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The purpose of this study was to examine first-year student perceptions related to Campus Recreation (CR) participation and develop linkages between access, satisfaction and academic persistence. This chapter reviews the literature regarding collegiate student persistence and recreation. The topics include campus recreation access, achieving student satisfaction and retention.
Student Access to Campus Recreation Facilities & Programming
It is no secret that active involvement in sports and fitness is of vital importance to anyone seeking long lasting health and longevity. Prevalence of obesity in the United States during 2007-2008 was 32% among adult men and 36% among adult women (Flegal, Carroll, Ogden, & Curtin, 2010). Therefore it is imperative that American university students have access to healthy lifestyle opportunities while attending college. Reed (2007); Hickerson and Beggs (2007) argue that college students are at risk for a variety of negative health behaviors and are in a position to begin to learn how to control their lifestyle, but unfortunately most are inactive and have not learned to develop healthy behaviors.
Researchers agree that approximately half of all university students demonstrate inadequate physical activity levels (Sabourin and Irwin, 2008). Sabourin and Irwin (2008); Andrijasevi, Pausi, Bavcevi, Ciliga, and Pausi (2005) agree with this researcher that physical activity has a positive effect on one's well-being. Nguyen-Michel, Unger, Hamilton, and Spruijt-Metz (2005) attest that physical activity helps protect mental health by reducing stress levels. The authors point to a dramatic increase in both anxiety and depression amongst college students during the past few decades. At the same time research indicates that that colleges and universities are experiencing decreased enrollments in basic physical activity instructional programs (Crawford, Greenwell, and Andrew, 2007).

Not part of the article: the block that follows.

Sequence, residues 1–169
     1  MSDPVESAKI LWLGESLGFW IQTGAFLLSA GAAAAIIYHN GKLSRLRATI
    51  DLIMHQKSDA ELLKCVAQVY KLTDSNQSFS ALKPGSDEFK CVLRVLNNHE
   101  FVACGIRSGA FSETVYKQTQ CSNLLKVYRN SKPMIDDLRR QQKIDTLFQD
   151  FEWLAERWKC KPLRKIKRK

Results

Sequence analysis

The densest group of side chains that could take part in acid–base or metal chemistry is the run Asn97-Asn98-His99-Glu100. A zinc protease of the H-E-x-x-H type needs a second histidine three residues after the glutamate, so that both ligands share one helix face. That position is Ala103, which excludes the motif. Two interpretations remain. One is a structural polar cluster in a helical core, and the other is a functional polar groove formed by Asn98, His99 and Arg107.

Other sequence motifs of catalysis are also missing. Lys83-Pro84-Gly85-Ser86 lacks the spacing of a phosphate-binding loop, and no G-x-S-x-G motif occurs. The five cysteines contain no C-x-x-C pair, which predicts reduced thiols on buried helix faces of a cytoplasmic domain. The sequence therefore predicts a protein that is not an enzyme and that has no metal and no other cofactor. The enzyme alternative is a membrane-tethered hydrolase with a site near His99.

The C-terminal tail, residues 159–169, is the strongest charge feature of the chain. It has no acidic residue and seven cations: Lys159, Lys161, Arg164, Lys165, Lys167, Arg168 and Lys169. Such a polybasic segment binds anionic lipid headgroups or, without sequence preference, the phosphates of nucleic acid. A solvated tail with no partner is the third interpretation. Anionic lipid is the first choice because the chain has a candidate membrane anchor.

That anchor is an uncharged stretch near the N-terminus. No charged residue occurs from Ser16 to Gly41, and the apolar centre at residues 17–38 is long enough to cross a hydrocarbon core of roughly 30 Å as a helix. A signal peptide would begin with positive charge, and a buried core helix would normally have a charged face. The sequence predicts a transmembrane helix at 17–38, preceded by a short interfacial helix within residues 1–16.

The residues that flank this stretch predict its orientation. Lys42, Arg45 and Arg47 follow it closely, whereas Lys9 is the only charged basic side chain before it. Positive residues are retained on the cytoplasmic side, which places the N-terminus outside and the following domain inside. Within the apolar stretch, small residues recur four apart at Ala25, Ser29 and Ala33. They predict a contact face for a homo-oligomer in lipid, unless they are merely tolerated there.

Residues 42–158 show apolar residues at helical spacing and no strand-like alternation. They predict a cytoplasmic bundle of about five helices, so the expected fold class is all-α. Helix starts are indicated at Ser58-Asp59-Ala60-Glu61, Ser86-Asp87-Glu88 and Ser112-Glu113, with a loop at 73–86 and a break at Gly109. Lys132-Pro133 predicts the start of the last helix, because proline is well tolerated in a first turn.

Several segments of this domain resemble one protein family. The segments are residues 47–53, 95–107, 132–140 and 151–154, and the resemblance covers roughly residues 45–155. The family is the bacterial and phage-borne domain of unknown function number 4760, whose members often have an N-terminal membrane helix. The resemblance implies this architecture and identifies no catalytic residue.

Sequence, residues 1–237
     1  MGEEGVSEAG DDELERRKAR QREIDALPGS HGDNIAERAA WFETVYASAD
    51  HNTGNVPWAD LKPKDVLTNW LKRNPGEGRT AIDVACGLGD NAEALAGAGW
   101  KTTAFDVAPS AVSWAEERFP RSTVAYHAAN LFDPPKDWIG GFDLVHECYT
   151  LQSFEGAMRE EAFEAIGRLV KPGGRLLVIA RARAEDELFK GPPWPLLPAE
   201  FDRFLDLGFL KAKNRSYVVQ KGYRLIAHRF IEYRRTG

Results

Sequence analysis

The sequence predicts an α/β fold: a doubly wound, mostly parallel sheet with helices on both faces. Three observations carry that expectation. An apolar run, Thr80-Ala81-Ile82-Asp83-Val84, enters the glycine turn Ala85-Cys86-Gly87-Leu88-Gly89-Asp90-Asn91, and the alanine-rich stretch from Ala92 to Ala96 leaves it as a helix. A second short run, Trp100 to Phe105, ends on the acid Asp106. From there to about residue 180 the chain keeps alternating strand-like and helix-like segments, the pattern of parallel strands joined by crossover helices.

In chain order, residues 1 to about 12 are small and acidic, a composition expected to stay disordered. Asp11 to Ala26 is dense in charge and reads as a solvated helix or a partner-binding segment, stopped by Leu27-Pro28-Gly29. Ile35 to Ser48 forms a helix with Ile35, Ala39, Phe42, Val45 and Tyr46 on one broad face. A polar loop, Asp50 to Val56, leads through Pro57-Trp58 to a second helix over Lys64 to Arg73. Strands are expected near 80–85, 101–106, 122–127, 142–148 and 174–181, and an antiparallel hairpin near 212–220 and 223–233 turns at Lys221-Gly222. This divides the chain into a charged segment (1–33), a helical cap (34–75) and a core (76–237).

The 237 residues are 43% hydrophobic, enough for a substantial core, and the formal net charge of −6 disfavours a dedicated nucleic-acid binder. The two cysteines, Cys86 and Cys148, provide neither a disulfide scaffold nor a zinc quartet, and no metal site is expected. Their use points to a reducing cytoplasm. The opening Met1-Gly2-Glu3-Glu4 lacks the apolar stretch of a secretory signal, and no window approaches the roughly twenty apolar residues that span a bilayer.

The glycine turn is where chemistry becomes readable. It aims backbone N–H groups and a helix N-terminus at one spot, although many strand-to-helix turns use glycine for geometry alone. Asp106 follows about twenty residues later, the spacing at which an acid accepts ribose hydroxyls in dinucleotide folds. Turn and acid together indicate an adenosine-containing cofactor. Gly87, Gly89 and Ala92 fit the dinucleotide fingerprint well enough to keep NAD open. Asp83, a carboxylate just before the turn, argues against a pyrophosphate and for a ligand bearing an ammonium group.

This phenomenon is likely due to the fact that physical education is no longer required at many universities throughout America (Crawford, et al., 2007). Less demand for physical education coursework eventually leads to reduced infrastructure investment and facility access for students seeking physical activity (Gibson, 2004). Failure to provide modern, accessible facilities to promote physical activity can negatively affect a university's ability to attract prospective students and retain them (Reisburg, 2001). As a result, this researcher holds the belief that universities must increase accessibility for students seeking opportunities to engage in activities which promote healthy lifestyles and physical activity. At many universities CR is compelled to fill the accessibility void created by the reduced physical education instruction (Gibson, 2004). Kennedy (2007) notes changing student expectations and competition from other educational institutions additionally force universities to construct new accessible recreation centers. Surveys of student populations at major universities throughout the United States show campuses which lack modern, accessible recreation amenities have a much more difficult time both recruiting and retaining students (Kennedy, 2007). As a result colleges and universities in the United States have spent a total of $7.12 billion for new construction and renovation of recreational facilities since the year 2000 (NIRSA, 2004).